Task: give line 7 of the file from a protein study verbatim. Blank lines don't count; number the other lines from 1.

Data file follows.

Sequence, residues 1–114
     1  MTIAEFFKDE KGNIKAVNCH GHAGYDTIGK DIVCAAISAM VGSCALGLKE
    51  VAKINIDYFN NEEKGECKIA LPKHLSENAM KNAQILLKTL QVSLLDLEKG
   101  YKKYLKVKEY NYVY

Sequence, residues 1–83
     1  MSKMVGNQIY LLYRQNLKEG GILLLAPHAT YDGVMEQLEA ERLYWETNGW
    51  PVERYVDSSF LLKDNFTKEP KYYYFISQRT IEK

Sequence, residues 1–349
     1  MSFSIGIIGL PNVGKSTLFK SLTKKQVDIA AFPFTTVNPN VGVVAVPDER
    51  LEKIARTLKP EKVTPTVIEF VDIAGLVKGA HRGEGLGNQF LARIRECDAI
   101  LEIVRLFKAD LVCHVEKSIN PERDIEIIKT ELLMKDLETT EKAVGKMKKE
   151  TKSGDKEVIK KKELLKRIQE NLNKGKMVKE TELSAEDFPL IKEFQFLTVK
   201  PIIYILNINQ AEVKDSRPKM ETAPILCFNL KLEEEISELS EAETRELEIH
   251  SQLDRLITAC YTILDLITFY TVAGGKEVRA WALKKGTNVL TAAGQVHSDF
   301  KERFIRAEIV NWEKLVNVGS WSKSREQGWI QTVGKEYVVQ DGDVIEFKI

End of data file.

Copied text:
    51  PVERYVDSSF LLKDNFTKEP KYYYFISQRT IEK